Perhaps two of the most fundamental problems in industrial relations are how to establish a criterion for fair pay and the associated issue of pay differentials. In the search for a solution the experiment described in this book marks a major development.
During the past two decades the Glacier Project, embracing the research of Wilfred Brown and Elliott Jaques, has achieved an international reputation for its approach to the practice of management. One of its most important contributions has been Jaques’ concept of time-span of discretion as a yardstick for measuring levels of work and pay. But until recently the utility of his theory has been questioned by some academics and practitioners as lacking quantitative empirical validation.
Now, however, dramatic evidence of its validity has been produced in the form of a scientifically controlled experiment, organized by Roy Richardson at the Honeywell Corporation, which demonstrates that there is a direct relationship between time-span of discretion and felt-fair pay.
Dr Richardson here describes the theoretical background to his project, the details of its construction and operation, and its striking results. What emerges is not only a significant answer to a particular problem but, in addition, a superb theoretical model of a key relationship— that between manager and subordinate. It is likely to become a standard instrument for assessing any system concerned with work and motivation.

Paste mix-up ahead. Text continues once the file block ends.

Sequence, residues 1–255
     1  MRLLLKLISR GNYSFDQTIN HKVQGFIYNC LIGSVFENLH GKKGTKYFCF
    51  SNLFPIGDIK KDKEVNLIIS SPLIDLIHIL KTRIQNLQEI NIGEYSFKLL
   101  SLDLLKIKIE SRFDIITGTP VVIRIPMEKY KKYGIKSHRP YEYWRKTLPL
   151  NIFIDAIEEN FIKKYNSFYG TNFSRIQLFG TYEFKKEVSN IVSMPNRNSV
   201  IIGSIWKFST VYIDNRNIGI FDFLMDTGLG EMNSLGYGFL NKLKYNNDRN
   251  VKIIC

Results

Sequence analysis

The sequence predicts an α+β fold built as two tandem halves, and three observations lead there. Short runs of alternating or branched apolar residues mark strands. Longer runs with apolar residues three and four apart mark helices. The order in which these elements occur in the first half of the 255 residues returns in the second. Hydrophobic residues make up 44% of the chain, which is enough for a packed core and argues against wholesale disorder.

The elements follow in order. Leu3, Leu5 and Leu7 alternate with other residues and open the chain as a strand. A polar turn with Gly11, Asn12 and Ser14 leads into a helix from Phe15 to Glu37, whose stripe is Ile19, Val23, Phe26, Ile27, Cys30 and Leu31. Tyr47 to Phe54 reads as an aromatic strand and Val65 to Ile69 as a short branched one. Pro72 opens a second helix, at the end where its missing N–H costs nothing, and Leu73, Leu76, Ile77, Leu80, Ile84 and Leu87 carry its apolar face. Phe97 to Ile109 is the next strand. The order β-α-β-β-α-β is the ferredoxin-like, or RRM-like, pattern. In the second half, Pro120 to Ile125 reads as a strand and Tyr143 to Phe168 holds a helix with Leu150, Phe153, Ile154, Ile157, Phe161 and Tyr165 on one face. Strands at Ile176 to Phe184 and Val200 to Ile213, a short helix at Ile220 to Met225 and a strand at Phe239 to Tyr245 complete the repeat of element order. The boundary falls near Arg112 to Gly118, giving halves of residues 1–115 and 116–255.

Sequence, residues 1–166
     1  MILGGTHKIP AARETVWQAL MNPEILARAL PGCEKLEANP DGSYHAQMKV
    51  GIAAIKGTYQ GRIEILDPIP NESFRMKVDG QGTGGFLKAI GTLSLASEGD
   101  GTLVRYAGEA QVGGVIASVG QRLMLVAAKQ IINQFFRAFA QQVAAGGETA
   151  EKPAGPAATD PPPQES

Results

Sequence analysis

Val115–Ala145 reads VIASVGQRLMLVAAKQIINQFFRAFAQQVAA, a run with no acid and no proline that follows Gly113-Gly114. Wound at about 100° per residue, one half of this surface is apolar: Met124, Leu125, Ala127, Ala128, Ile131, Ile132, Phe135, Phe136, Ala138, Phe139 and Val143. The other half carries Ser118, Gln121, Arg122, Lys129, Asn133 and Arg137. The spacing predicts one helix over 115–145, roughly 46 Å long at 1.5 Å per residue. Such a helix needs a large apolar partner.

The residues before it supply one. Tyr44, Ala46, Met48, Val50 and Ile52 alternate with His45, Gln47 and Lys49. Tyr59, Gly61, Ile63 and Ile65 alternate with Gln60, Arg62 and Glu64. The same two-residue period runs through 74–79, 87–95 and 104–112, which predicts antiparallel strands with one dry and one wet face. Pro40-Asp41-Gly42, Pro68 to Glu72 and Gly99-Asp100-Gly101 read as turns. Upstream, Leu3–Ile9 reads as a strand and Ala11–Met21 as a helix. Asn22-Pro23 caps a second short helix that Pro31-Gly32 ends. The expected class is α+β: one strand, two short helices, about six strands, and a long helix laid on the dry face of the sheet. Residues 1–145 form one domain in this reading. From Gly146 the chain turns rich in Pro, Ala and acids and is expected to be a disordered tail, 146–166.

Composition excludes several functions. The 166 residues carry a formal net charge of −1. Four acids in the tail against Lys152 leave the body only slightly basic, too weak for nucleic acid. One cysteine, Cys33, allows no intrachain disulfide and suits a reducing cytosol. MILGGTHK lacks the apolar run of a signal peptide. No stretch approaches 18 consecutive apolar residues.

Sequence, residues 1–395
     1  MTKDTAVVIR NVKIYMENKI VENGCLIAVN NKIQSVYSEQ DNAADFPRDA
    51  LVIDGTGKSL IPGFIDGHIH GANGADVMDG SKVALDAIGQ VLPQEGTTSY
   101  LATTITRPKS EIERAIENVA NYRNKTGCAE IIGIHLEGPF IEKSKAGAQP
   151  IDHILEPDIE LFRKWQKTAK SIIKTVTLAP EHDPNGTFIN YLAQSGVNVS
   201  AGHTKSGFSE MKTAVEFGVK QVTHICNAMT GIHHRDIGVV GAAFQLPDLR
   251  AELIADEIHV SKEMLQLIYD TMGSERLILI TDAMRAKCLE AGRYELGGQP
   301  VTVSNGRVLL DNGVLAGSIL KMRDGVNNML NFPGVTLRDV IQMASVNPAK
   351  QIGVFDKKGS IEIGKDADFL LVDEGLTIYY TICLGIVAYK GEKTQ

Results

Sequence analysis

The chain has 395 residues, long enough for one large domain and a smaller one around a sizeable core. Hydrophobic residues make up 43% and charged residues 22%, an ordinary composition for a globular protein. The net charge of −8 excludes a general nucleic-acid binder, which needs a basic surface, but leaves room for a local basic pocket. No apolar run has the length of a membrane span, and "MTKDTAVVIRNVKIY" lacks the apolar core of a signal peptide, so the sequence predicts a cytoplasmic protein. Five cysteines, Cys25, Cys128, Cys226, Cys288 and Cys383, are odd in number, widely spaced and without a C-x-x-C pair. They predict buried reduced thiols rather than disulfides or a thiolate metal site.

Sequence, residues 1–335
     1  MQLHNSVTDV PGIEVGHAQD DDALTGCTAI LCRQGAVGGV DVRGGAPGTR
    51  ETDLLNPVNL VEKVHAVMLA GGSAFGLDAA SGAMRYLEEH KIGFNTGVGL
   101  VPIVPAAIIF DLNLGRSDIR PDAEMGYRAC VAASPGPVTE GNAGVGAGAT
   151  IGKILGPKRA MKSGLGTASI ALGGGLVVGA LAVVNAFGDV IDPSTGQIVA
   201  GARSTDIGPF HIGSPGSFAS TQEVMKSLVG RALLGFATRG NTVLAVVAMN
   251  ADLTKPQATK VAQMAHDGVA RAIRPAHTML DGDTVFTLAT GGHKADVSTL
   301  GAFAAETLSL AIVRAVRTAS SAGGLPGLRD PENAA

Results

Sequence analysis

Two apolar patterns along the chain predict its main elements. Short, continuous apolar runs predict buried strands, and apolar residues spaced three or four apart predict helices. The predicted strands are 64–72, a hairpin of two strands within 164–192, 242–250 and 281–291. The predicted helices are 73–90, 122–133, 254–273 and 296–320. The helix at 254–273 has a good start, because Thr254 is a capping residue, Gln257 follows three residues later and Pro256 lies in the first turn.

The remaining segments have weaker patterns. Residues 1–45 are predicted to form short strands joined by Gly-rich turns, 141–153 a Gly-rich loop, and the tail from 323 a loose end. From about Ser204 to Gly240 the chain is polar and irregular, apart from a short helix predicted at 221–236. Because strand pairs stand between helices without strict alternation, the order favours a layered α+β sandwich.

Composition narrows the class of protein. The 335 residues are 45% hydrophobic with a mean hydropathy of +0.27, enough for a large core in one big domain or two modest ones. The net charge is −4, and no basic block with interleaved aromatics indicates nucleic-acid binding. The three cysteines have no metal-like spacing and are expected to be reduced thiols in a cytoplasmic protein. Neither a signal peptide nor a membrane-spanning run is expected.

This is a seminal work for the large body of managers and academics who are interested in the development and application of Glacier Project ideas. It should also be required reading for anyone with responsibility for establishing pay structures both at a local and national level.
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